On Wednesday, September 28, 2016 at 10:48:00 PM UTC-4, raah...@gmail.com wrote:
> On Tuesday, September 27, 2016 at 10:31:42 PM UTC-4, johny...@sigaint.org 
> wrote:
> > > You can get a motherboard that has a removable bios chip that you can just
> > > snap in to replace,  Then call the company and have them send you one or
> > > two to hold onto for emergency lol.  There is also mobos with dualbios,
> > > most ly this is for bringing a bricked board back to life.
> > 
> > I actually have one of those motherboards here.  It sounded like a very
> > kick-ass feature, the double-bios to restore in case of problems.  And the
> > board has 8 SATA, a dozen USB, some serious video and audio capabilities, 
> > 32g memory capabilities, IOMMU, etc.
> > 
> > But it was given to me out of the blue right after I retired a
> > dodgy/compromised machine, so I'm a little wary.  A shame, because it's
> > one hell of a motherboard.
> > 
> > I might fire it up with Qubes in a non-critical/non-trusted manner.  (Or
> > set it up in a Windows machine, sell it, and buy a known secure
> > motherboard.  :) )
> > 
> > > Also don't forget malware can reside in other firmware also.  SO that
> > > means all pci devices,  like gpu,  netcard.  etc...  most experts will
> > > tell you just to replace everything to be sure if you think you are
> > > compromised at that level and its important.
> > 
> > Would you say a motherboard that integrates a lot of that (with the dual
> > recovery BIOS) would be less prone to compromise (or at least easier to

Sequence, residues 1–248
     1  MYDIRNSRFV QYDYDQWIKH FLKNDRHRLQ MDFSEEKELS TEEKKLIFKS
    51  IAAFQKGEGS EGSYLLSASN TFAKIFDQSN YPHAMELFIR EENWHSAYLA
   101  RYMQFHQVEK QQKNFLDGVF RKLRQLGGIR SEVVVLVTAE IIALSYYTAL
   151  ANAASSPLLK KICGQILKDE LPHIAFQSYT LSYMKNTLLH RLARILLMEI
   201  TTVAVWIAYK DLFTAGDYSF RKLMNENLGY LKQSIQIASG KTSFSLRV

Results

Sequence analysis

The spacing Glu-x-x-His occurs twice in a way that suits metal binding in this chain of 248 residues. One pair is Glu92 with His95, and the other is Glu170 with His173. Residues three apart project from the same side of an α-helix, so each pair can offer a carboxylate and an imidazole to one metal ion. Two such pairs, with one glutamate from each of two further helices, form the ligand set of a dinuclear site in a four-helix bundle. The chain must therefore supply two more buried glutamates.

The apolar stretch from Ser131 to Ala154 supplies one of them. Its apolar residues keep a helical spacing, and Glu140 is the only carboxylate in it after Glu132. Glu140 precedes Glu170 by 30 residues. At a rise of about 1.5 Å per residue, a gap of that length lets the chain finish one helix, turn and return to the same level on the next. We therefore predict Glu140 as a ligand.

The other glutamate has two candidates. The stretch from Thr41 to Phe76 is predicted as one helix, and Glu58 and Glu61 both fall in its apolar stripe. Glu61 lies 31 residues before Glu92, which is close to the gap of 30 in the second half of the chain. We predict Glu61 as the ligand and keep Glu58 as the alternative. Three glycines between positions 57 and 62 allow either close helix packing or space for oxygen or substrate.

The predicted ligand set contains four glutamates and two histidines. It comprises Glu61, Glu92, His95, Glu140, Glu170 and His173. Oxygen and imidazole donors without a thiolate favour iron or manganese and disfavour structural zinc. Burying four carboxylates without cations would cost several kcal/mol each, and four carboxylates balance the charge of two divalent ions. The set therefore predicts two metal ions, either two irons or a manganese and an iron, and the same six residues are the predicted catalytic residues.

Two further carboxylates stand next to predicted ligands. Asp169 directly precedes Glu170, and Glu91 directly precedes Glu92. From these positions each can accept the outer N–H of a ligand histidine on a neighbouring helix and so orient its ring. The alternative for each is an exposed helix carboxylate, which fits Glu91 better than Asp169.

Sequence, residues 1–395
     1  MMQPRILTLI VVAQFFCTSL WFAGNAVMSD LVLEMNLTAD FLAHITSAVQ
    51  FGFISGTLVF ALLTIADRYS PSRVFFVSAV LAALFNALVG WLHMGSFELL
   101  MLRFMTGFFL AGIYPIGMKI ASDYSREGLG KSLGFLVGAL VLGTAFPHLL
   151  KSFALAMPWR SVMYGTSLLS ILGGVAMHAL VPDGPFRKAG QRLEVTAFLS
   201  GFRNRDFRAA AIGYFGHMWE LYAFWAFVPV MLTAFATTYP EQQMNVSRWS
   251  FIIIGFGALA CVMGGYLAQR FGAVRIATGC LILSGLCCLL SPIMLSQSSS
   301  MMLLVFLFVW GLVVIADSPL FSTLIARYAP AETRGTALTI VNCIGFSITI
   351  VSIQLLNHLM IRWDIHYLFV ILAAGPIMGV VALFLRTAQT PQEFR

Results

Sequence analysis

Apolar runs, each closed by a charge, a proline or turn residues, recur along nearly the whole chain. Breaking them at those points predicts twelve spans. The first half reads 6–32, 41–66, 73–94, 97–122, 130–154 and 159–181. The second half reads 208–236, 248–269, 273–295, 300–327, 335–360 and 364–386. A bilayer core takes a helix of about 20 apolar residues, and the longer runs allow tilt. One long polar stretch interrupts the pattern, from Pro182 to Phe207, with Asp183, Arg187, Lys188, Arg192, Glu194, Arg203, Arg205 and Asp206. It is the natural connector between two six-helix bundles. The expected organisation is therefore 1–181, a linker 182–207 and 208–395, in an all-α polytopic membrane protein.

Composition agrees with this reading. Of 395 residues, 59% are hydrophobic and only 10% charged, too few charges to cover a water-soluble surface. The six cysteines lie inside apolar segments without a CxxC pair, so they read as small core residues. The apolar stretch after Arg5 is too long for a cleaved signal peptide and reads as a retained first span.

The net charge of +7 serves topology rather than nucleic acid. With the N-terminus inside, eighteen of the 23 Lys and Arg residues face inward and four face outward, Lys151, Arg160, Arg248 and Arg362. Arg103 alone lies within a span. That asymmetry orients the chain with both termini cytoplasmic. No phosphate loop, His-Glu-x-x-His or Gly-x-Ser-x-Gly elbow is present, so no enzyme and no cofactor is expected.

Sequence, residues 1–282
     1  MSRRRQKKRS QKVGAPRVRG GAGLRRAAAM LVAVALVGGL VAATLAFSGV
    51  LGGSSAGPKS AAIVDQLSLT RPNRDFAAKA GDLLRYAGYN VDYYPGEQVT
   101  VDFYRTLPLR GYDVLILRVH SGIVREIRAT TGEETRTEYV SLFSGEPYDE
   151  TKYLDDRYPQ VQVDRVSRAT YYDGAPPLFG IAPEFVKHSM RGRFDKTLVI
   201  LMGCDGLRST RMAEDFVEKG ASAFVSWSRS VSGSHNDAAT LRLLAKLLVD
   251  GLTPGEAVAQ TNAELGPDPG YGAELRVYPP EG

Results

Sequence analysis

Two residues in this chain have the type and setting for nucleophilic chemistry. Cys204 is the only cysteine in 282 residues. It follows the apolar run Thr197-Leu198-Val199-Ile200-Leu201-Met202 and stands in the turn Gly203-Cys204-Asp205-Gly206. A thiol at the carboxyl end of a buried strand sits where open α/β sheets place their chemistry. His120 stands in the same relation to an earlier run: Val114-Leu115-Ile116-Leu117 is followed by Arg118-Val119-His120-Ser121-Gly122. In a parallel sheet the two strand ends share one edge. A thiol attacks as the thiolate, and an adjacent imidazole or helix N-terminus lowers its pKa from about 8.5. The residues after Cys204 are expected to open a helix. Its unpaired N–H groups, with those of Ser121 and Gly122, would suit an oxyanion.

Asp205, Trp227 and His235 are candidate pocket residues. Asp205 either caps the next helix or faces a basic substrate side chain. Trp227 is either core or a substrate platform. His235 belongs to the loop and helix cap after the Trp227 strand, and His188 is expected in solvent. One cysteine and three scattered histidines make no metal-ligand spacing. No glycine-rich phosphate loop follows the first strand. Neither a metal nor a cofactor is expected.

> > restore from compromise) than a machine that separate PCI cards providing
> > that sound/video/net?
> > 
> > Presumably, if you can trust the vendor and its BIOS, one flashing of the
> > BIOS (or recovery from the backup) should restore you to a state that
> > could be trusted.  A lot easier than doing the same (if even possible) for
> > the net/sound/video add-on cards, no?
> > 
> > Or would it be easier for a threat actor to attack a specific motherboard
> > and its integrated peripherals, rather than a random set of add-on cards?
> > 
> > JJ
> 
> I'm not sure if whether its integrated matters to how prone to compromise it 
> is.  I would imagine being able to replace a component you think compromised 
> is better then not being able to, for example replacing gpu or netcard you 
> think is compromised.  But I don't know of many boards that dont' have some 
> pci devices integrated so we probably have no choice. Again, only way to be 
> 100% is probably to replace the whole system.  With a laptop it would be more 
> necessary probably.
> 
> Regarding attacking a specific motherboard or firmware, imo, this would all 
> fall under that category of targeted attack.  I think it is still very rare 
> nowadays for some random or automated attack to infect your firmwares and 
> bios. At least I hope it is lmao.   Especially on a custom machine.  But on 
> the same token it is less rare nowadays for someone to be personally targeted 
> by a persistent actor with lots of resources.  So I guess it all depends on 
> how paranoid you are and how much you are willing to spend.   IMO I don't 
> think there is much any of us can do against a very persistent attacker, 
> especially if its the government.

when I say nothing you can do,  I mean if you want to keep doing the things you 
want to do on a pc that make you vulnerable and out of your control in the 
first place unfortunately.  Like walking down a public street.

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